GENEVA, Switzerland — Global unemployment rose in 2012 after falling for two straight years and could further increase in 2013, the International Labour Organisation (ILO) has warned in a new report.
A quarter of the increase in global unemployment in 2012 has been in the advanced economies, while three-quarters has been through spillovers into other regions, with marked effects in developing economies in East Asia, South Asia and Sub Saharan Africa.
The number of unemployed worldwide rose by 4.2 million in 2012 to over 197 million, a 5.9 per cent unemployment rate, according to Global Employment Trends 2013.
"An uncertain economic outlook, and the inadequacy of policy to counter this, has weakened aggregate demand, holding back investment and hiring," said ILO Director General Guy Ryder. "This has prolonged the labour market slump in many countries, lowering job creation and increasing unemployment duration even in some countries that previously had low unemployment and dynamic labour markets."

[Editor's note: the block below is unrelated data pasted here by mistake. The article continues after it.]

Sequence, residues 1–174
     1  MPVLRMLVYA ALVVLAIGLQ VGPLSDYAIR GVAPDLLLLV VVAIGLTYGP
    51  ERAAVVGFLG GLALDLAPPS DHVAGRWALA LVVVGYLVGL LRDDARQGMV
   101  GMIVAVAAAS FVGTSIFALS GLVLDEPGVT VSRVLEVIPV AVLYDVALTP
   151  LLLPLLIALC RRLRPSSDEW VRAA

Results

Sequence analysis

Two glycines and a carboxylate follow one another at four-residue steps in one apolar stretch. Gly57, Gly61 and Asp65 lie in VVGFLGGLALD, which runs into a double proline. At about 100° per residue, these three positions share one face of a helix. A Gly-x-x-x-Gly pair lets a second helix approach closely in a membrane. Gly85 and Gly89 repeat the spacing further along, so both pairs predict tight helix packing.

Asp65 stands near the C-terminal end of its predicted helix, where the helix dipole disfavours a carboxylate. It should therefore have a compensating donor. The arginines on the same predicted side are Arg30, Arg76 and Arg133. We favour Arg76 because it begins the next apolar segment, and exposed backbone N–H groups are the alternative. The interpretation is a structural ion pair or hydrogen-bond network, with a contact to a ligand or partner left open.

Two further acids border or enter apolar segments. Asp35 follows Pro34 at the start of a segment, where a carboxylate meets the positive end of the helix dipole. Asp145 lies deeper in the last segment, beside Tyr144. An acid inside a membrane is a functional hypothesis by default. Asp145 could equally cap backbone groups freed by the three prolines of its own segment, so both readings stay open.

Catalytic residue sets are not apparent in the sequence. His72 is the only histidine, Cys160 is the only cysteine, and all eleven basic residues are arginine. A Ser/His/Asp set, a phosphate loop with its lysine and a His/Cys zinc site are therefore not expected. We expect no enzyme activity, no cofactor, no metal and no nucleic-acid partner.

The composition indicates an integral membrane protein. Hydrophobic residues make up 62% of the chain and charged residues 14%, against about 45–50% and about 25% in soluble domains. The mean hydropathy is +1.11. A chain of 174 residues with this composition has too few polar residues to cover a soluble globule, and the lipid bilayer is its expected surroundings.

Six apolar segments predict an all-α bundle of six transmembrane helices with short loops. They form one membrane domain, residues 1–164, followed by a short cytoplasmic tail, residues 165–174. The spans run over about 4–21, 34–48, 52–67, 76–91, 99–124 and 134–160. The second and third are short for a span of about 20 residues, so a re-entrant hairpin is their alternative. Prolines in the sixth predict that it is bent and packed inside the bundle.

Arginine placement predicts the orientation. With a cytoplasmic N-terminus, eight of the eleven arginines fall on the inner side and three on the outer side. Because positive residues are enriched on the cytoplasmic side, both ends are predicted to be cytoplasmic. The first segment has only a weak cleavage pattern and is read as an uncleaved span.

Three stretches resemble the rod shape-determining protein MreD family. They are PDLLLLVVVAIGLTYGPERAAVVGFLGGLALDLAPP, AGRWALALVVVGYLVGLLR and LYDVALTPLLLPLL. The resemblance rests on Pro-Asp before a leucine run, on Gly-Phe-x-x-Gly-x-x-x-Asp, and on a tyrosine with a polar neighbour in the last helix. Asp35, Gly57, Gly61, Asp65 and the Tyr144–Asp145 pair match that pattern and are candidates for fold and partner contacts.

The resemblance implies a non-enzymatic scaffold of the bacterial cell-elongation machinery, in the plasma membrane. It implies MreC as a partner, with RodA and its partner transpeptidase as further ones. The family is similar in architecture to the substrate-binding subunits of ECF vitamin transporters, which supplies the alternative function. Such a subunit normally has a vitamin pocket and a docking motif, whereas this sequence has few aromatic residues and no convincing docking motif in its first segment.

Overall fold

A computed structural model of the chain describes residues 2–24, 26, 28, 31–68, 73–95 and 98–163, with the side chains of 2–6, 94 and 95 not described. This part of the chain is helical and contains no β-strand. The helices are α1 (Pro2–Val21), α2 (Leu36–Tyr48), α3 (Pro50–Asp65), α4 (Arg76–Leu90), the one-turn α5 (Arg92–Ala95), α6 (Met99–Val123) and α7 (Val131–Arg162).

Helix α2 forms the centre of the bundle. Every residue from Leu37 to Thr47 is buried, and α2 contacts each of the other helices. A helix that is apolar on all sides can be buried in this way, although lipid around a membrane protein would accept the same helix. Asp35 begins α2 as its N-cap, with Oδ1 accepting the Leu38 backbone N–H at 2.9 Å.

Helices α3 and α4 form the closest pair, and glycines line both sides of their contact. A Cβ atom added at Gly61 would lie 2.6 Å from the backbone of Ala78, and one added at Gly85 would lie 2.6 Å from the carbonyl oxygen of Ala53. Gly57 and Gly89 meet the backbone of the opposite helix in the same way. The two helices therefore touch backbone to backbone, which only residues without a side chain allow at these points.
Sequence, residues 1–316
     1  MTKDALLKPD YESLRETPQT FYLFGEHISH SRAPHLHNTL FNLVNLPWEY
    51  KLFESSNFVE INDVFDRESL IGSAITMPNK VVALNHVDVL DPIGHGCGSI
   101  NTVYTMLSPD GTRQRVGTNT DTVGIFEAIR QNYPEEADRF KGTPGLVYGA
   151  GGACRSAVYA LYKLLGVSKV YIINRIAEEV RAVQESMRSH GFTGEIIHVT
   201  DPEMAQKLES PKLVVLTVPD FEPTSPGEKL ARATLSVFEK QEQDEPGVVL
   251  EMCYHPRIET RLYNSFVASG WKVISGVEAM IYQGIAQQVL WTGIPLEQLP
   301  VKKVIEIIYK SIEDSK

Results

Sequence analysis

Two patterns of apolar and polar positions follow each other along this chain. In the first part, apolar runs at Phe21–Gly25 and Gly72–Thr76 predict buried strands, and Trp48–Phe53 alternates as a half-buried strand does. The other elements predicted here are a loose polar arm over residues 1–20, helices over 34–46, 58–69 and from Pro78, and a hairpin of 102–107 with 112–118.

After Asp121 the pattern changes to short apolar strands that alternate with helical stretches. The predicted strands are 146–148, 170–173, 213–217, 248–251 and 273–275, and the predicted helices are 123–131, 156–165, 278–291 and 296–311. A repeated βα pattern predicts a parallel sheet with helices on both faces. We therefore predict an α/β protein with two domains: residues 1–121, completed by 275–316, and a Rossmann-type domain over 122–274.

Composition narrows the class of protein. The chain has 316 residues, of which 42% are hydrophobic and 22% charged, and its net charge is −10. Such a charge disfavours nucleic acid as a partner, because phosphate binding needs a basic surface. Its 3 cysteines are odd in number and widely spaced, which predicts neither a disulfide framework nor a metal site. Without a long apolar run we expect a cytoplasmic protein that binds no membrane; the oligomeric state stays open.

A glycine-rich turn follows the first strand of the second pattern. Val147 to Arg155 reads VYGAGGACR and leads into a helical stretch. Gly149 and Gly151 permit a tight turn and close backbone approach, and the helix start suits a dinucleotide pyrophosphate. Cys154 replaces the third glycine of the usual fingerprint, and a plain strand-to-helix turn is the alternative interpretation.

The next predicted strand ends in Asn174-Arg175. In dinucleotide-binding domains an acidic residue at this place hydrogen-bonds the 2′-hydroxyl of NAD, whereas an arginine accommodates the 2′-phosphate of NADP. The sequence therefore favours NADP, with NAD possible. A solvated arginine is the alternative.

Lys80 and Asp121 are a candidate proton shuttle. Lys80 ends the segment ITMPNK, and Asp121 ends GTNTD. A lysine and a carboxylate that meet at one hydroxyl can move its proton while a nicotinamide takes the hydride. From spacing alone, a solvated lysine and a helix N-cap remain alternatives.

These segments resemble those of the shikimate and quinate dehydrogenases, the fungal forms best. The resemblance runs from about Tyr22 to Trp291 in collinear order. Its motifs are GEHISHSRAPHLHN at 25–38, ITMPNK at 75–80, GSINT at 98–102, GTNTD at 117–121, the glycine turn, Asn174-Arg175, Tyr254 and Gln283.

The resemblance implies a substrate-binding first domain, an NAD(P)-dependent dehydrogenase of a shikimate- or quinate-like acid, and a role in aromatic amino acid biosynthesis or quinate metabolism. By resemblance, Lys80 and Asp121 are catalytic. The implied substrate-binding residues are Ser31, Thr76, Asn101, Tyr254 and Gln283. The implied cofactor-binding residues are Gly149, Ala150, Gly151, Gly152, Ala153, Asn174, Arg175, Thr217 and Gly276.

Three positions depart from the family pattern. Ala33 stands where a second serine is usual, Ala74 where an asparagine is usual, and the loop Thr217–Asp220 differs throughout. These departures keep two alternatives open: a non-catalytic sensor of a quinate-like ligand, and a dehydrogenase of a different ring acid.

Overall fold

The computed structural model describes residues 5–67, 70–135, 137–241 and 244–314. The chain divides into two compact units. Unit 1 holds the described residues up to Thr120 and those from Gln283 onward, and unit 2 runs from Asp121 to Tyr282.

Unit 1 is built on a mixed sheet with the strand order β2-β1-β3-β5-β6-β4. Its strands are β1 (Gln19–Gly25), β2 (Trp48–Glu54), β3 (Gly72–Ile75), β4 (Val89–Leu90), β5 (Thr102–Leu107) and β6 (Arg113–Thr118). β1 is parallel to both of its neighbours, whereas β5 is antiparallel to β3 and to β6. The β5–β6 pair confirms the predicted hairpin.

"Also, many of the new jobs require skills that job-seekers do not have," he added. "Governments should step up efforts to support skills and retraining activities in order to address such mismatches which particularly affect young people."
The report shows that global working poverty continues to drop, but at a slower rate than before the crisis.
A middle-income working class is rising in the emerging world, which could provide additional stimulus for the global economy. But for the moment their purchasing power cannot compensate for slow growth in advanced countries.
Looking at the medium term, the forecast global economic recovery is not expected to be strong enough to bring down unemployment quickly, and the number of job-seekers is expected to rise to more than 210 million over the next five years.
The labour market situation remains particularly bleak for the world's youth, with almost 74 million people in the 15 to 24 age group unemployed around the world — a 12.6 per cent youth unemployment rate.
Of particular concern is the fact that more and more young people experience long-term unemployment. Some 35 per cent of unemployed youth in advanced economies have been out of a job for six months or longer. As a consequence, increasing numbers of young people are getting discouraged and leaving the labour market.
Experiencing such long spells of unemployment or dropping out from the labour market early on in the career hurts long-term prospects. It erodes professional and social skills and prevents young people from gaining on-the-job experience.